Saving Time with the Smart Home
Recently on the “This Week in Startups” podcast Silicon Valley investor and CEO of Vayner Media, Gary Vaynerchuk was the featured guest and one of his insights added a unique dimension to the way I think about product development. Gary asserted that all great products are actually in the time business; meaning they all give us back a resource of which we have a finite amount.
The specific example he used was Uber. He explained that Uber is not selling car rides but instead focused on getting people where they need to go quicker and we are even willing to pay a surcharge to preserve our time. Another example was Amazon which is the master of this technique dating back to the development of one-click ordering to one-hour delivery to the most recent Amazon Dash.
As I thought about ways this might apply to the industries in which I am particularly interested I turned my attention to the concept of the “smart” home. Over the last 5 years several companies have emerged as leaders in this field and all are marketing themselves with different value propositions but the one thing they are all offering their consumer is: more time.
Nest is far and away the most recognized product in this category and its primary marketing message is that it “pays for itself.” I would certainly advocate that all homes should have a smart thermostat for efficiency reasons but the main feature of Nest is its ability to learn user occupancy habits. While we may not spend more than 1-2 min a day setting our thermostat this time adds up over the course of a year to about 12 hours. The future of these occupancy sensors have enormous potential. Imagine 10 years from now if deliveries, home repairs, etc… are scheduled automatically based on when you are home according to the sensor in your thermostat or light bulbs.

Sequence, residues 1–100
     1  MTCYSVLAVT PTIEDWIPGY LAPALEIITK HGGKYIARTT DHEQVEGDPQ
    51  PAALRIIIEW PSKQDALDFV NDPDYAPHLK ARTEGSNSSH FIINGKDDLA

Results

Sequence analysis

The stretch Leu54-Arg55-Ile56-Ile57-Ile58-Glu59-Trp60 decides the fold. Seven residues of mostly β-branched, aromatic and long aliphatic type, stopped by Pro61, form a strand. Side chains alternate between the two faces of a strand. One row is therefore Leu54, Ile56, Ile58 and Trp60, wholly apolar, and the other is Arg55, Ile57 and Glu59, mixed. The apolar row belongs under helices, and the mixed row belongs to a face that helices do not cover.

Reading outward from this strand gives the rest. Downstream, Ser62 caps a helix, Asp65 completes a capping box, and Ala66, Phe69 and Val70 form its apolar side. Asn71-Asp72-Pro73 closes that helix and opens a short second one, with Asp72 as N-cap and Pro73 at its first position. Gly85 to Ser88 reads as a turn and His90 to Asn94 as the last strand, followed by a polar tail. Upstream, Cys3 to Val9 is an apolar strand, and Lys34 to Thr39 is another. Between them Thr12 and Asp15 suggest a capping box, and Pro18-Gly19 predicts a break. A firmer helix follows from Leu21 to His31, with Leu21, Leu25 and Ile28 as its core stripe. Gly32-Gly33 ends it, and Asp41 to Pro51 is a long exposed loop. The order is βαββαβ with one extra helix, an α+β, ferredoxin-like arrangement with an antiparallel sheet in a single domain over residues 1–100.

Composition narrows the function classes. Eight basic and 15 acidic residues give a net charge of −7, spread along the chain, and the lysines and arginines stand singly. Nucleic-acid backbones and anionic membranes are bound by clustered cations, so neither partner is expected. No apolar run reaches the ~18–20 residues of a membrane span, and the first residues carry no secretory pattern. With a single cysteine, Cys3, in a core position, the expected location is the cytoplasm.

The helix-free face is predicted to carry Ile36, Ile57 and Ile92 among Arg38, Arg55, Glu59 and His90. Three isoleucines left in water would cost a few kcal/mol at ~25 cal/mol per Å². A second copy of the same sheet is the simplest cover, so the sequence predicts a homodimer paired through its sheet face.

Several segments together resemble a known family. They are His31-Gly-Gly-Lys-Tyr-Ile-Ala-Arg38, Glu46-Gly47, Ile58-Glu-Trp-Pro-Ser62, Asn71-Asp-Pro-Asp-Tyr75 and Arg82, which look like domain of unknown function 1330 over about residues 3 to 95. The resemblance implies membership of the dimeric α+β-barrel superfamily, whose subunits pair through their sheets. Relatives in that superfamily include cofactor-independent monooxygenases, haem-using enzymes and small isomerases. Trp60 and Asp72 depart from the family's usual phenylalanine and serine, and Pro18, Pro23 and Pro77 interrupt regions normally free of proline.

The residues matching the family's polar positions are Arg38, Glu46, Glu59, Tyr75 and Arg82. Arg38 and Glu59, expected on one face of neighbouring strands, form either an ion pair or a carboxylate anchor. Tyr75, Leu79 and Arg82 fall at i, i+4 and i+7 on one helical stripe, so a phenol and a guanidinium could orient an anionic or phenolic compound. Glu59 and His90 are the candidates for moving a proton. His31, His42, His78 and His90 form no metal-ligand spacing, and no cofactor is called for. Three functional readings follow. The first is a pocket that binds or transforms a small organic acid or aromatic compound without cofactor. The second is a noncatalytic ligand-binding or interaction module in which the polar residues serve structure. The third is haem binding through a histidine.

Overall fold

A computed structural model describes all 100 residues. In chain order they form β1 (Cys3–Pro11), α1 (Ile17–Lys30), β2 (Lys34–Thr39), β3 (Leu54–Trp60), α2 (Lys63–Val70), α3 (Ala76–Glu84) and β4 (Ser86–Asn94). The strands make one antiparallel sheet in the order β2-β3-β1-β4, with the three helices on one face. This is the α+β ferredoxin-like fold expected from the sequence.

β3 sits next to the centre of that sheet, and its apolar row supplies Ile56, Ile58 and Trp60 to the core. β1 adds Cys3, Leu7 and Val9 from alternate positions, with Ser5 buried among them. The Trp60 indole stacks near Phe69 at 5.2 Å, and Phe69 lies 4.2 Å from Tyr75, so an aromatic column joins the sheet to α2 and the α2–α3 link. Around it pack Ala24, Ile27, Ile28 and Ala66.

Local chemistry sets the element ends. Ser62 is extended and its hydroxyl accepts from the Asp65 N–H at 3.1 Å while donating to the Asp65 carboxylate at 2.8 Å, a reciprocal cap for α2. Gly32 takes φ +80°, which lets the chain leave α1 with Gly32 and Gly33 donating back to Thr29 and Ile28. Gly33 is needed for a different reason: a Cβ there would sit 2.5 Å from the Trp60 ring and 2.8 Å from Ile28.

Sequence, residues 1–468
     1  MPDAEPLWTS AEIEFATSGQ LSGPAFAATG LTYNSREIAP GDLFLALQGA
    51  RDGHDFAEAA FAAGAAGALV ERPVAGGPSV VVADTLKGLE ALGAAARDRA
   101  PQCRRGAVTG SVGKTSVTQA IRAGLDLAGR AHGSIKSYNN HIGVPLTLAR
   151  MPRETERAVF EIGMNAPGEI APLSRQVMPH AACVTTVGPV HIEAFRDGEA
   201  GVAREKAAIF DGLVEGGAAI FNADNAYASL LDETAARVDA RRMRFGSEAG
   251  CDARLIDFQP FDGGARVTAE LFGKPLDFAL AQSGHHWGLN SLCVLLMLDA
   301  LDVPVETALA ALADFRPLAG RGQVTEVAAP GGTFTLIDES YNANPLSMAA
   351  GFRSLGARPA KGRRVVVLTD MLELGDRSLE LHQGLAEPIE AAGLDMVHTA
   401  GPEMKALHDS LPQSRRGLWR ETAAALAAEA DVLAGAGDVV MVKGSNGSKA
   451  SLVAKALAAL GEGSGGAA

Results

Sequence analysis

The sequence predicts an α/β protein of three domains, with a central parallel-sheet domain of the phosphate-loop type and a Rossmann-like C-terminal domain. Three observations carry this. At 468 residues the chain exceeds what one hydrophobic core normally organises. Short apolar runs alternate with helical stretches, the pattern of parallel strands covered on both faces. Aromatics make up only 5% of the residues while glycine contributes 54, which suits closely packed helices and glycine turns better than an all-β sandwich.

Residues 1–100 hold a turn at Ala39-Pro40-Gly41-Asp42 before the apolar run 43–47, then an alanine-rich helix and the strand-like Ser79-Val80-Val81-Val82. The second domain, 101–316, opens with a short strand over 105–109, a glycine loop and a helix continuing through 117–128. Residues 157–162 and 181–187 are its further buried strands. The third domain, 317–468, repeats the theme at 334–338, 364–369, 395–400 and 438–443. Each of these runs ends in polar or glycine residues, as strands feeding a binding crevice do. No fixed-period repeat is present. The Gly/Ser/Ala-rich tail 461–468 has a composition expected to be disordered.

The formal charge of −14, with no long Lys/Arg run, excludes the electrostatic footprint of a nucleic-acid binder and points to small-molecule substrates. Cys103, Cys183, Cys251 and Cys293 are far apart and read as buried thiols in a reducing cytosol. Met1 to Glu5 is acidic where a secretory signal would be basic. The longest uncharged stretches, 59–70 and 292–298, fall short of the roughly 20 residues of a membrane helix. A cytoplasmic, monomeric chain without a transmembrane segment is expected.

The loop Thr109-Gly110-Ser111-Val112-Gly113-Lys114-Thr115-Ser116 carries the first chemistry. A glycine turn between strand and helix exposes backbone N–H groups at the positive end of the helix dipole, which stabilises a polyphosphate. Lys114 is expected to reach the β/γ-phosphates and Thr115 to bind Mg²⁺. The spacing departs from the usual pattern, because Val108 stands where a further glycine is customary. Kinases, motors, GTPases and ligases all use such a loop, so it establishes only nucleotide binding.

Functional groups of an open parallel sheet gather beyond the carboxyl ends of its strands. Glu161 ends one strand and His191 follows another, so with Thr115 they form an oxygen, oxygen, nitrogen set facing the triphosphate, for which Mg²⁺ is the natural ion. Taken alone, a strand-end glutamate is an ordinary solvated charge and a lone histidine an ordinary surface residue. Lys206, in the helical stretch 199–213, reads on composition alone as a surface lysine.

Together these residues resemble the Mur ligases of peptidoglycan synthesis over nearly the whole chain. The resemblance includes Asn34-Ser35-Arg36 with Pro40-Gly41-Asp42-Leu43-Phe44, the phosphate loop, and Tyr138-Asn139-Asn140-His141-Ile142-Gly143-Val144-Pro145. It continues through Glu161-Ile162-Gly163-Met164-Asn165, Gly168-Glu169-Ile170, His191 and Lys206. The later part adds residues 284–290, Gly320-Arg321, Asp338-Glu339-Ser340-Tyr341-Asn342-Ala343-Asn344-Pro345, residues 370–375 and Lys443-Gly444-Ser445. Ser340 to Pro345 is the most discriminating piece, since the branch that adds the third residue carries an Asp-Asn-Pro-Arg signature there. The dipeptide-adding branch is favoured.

Speaking of light bulbs, what Nest did for the thermostat several companies are attempting to do for the light bulb. There is no clear winner in this space as of yet, but Phillips Hue, WeMo, Lifx, and Stack are all vying for poll position. Again, all of these companies have different value propositions for the consumer but all are selling time savings in the form of not worrying about flipping a light switch, forgetting rather or not you turned off the lights, or in the case of Stack helping you rest better and wake up in a way that helps us be more productive with the limited time we have during the day.
These products combined with smart meter data being rolled out in some states present an exciting future where homeowners can make informed decisions about big purchases. For instance, thermostat, light, and smart meter data could be used to let homeowners know which appliances they should upgrade, if they should install a rooftop solar system or new more efficient windows. Once a decision has been reached, the project would be scheduled automatically from the sensors placed in the thermostat or light bulbs. This kind of possibility explains why so many companies from different industries (AT&T, Direct Energy, Comcast, and NRG) are vying to “own” the home.
While our society can sometimes seem “anti-technology” as evidenced by books and movies focused on dystopia via innovation the smart home presents an opportunity for us to live our lives more efficiently in terms of both time and money.